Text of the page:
Utah's religious liberty bill HB 322Written by Greta Hyland

When I was a kid and my siblings and I would fight, it almost always turned physical and someone got hurt. The fight ended when someone started crying and mom had to get involved. My mom would say, “Your right ends at someone else’s nose.” She now says it to my boys when they fight. Of course, the stream of justifications always follows shortly thereafter:
“But he took my toy!”
“He made me mad!”
“He did it first!”

This is a very small civics lesson. Your right to do something ends where someone else begins. I would offer the same civics lesson to those in the Mormon community who support HB 322, the Religious Liberty Recognition and Protection Act.

Your right to believe that homosexuality is a sin ends at an LGBT person’s nose. If your belief translates to action, action that hurts, discriminates, or infringes on another’s rights, your religious freedom has become an “act” against another person that is against the law. Trying to make it legal is taking that abuse of freedom and compounding it. At that point, you are infringing on someone else’s rights in the name of religious freedom.

Anyone who sees clearly can see that what is happening both from the LDS Church leadership and from members of the Church in the legislature is a thinly-veiled attempt to expand religious freedom beyond the scope of the Constitution and to protect their right to discriminate at the same time. But as we saw when the federal judge struck down Utah’s ban on same-sex marriage, the Constitution trumps Utah law, and if this new bill passes, it will be next in the line of fire.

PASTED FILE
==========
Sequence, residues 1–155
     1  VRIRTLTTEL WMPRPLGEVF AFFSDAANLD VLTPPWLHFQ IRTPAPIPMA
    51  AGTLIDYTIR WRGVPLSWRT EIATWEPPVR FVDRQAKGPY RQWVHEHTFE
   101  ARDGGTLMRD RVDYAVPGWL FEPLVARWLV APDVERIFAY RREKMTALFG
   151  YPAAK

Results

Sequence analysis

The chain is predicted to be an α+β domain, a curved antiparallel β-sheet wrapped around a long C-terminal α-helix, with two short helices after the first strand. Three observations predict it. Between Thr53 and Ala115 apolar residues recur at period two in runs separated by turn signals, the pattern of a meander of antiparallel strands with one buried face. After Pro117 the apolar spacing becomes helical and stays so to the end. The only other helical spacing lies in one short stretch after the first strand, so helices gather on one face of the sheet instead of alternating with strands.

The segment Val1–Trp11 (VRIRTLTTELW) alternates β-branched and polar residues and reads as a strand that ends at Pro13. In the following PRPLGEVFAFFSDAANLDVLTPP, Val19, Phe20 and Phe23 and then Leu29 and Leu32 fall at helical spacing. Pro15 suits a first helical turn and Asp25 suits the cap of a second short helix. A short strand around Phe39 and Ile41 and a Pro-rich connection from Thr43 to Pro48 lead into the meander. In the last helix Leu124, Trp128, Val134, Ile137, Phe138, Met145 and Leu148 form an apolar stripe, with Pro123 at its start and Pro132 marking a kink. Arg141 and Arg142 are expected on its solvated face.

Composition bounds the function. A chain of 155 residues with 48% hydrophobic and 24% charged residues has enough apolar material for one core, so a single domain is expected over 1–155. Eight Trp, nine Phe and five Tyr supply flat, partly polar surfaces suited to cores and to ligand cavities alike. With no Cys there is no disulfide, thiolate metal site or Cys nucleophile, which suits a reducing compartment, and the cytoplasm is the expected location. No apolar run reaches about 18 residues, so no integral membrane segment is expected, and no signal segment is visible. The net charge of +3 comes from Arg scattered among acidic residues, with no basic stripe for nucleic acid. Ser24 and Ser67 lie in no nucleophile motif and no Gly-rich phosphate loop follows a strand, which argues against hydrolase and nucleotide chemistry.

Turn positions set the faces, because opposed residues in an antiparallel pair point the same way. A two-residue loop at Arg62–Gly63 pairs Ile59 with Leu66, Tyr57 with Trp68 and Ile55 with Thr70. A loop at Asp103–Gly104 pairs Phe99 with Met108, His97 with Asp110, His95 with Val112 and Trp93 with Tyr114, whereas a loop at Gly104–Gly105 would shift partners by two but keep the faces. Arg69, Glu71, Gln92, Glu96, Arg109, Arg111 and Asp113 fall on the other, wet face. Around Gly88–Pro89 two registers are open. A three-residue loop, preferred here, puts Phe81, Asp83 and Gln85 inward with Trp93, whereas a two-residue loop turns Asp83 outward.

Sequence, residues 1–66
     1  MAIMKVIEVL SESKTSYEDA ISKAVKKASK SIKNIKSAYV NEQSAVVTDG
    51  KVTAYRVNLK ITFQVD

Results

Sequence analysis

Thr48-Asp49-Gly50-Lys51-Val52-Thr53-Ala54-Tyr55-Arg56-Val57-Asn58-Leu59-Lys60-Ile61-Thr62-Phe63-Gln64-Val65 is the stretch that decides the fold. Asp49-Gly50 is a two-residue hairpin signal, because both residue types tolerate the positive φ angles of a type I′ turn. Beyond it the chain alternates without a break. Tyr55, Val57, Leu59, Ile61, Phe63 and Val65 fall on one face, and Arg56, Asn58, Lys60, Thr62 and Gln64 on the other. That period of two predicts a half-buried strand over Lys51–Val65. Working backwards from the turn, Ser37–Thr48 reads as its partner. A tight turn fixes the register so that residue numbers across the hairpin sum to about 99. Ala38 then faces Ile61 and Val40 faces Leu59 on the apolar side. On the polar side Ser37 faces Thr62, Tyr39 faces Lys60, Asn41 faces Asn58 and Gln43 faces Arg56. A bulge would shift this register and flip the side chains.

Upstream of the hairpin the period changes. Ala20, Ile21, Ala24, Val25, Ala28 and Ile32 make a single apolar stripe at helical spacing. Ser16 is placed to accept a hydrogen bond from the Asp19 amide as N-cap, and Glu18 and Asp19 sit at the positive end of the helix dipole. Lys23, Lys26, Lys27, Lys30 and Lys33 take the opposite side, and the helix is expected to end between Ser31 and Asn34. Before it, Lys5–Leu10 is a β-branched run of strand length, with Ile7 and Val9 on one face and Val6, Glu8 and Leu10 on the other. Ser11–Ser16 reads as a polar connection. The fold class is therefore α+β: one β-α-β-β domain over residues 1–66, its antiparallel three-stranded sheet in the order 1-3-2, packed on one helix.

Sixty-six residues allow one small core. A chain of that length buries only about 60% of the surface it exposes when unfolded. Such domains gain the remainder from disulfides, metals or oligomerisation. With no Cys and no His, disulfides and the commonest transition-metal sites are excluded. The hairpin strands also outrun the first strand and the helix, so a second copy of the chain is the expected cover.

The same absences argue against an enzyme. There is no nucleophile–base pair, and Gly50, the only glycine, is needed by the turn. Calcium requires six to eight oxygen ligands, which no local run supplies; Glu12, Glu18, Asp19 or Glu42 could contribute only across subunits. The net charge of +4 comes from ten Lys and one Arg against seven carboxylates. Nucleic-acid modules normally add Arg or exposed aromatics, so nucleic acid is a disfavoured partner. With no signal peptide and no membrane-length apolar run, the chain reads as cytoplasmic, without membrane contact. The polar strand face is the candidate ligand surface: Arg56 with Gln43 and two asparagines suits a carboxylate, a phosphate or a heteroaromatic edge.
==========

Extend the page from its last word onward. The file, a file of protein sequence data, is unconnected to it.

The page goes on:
However, there may be even worse unintended consequences of HB 322. What else will be legal to do in the name of religious freedom? Having sex with children? Sacrificing animal or human lives? Discriminating against religions deemed cults by other religions? If you can think of something that will come out of this Pandora’s box, chances are someone else will too and may act within Utah’s new religious legal limits to do just that.

Furthermore, for a state that overwhelmingly beats its drum about big government and government infringement in their lives, this is the mac daddy of them all when it comes to expanding government.

Wendell Berry, a famous American writer and outspoken Protestant, once said, “One may find the sexual practices of homosexuals to be unattractive or displeasing and therefore unnatural, but anything that can be done in that line by homosexuals can be done and is done by heterosexuals. Do we need a legal remedy for this? Would conservative Christians like a small government bureau to inspect, approve and certify their sexual behavior? Would they like a colorful tattoo verifying government approval on the rumps of lawfully copulating parties?”

Ask yourself if you would like the government–or even better, a religion–monitoring what you do in the bedroom and then deciding what rights you would be afforded in society based on what they saw. It sounds awful, but it’s close to what people here in Utah are trying to do.